Our Trees are Dying…

The effects of the drought keep on mounting and it would seem the most recently casualties have been many of our native trees. Many Landcare and community members have reported dead and dying trees, and most have observed it seems to have intensified in recent weeks.

Speaking today with Dr Mason Crane from Sustainable Farms, part of the Australian National University’s Conservation Landscape Ecology group, this dieback we are currently seeing is widespread. North of Sydney, down along the coast and reaching into the far south of the state also.

“Extensive tree dieback was seen during the Millennium Drought”, observed Dr Crane, “however what we are seeing now is possibly on a scale we have not previously observed.”

Weaker trees, due to existing stresses of isolation, stock pressure and shallow soils, are most vulnerable. Particular species like the shallow rooted Stringy Bark, the moisture favouring Blakelys Red Gum, or species on the edge of their range may be the first to go.

Trees become water stressed, and stressed trees tend to send more nitrates into their leaves. Insects are attracted to leaves with higher nitrate levels so concentrate their feeding, overwhelming the tree and compounding the stress it is under. Fertilisers and stock camps also increase the nitrates in tree leaves.

Trees will try and recover using their epicormic re-growth, however if conditions remain dry their reserves eventually become so depleted this is not possible.

The final blow will come after we do receive drought breaking rain. Many trees that have managed to hang on will have suffered extensive root dieback. If strong winds accompany the lifesaving rain, many trees will be blown over.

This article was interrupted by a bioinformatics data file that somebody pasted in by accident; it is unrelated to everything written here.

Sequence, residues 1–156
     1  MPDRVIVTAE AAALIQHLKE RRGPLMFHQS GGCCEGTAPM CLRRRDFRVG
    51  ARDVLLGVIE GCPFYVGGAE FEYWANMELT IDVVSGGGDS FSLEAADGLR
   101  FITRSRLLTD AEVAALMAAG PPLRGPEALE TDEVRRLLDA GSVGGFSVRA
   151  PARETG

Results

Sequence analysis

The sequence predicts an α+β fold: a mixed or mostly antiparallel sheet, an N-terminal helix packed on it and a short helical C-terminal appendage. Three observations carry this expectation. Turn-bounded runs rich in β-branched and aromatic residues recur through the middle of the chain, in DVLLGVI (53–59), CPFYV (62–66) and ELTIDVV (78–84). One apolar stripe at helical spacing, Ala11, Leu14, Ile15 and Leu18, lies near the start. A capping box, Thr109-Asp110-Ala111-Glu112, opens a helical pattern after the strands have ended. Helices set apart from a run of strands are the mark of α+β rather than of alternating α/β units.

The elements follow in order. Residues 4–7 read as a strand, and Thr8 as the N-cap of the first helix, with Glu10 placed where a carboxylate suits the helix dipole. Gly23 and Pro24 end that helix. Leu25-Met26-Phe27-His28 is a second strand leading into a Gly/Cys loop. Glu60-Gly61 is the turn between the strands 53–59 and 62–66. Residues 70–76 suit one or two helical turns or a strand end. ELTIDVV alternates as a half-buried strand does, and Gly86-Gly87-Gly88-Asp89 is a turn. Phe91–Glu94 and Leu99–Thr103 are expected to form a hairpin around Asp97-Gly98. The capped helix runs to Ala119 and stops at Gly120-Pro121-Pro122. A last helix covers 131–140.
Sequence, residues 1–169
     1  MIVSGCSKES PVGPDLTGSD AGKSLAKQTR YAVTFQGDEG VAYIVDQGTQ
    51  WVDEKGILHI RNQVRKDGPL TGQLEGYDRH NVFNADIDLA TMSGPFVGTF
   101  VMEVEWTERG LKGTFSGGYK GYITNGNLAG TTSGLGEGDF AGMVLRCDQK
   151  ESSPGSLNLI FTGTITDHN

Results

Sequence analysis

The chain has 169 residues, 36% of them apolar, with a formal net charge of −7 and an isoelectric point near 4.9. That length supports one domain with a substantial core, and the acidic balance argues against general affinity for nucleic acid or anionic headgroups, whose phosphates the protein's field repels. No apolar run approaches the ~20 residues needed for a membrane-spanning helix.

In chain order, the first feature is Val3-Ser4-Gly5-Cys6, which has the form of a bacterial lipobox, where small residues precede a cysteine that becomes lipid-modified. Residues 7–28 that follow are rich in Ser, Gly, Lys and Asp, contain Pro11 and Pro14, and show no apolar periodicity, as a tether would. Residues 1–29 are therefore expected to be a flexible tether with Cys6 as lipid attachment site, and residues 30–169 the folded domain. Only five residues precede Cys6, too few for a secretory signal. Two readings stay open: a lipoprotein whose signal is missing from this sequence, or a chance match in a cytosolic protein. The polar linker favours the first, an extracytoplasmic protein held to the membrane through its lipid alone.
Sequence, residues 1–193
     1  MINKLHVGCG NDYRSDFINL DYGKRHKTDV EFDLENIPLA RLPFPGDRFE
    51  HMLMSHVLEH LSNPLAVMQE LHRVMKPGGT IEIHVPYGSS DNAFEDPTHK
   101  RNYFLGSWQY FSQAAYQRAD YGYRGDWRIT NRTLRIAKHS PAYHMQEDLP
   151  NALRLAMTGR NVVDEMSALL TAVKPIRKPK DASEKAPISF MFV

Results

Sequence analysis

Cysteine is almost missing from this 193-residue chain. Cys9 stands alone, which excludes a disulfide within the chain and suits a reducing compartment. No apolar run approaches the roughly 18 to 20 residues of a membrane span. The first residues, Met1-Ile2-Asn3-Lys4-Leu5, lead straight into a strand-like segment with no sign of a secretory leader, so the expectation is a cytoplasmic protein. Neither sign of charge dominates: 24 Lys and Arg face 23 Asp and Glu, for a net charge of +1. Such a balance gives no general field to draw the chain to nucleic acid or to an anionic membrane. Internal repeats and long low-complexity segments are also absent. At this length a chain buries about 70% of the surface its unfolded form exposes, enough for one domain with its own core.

Saving our trees is not easy. Dr Crane explained “ground cover is the best help. Ground cover helps conserve moisture and regulate soil temperature”.

Trees that are fenced off will have mulch protecting them and greatly reduced stock pressure. Whilst it is not possible to do it for hundreds of trees, putting straw or some kind of mulch around particular trees of concern will help.

For the future, when revegetating is back on the agenda, prioritise protecting as many trees as possible. Paddocks containing lots of trees should be treated differently to others, for example; only used occasionally for off-shears. Where possible, fencing for new plantings can also incorporate some existing trees.

Our resilient landscape has its limits. We can no longer take trees in our landscape for granted.

For more information contact; Ruth Aveyard 0447 242 474 coordinator@upperlachlanlandcare.org.au

Illawong’s approach to regenerative practices, incorporating old paddock trees in new plantings.

TURNING “DISASTER” INTO DELIGHT AT ILLAWONG

Bryan Ward’s property, Illawong, comprises 160 hectares and carries up to 140 beef cattle at any one time. While this is a relatively small property, it is perhaps typical of thousands of farms producing beef in Australia. There’s a trend to smaller holdings, many operated by people with little farming background.

View The Illawong Case Study here